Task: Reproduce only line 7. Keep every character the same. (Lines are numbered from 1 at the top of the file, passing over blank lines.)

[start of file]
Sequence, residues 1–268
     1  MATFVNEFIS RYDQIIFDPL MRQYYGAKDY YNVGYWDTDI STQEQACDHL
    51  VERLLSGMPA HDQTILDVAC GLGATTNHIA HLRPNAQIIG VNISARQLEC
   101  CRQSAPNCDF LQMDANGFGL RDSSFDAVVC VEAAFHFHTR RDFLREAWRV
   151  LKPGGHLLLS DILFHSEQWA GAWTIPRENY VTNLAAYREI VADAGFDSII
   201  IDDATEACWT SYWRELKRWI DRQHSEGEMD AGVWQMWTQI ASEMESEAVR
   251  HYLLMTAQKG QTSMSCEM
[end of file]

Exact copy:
   251  HYLLMTAQKG QTSMSCEM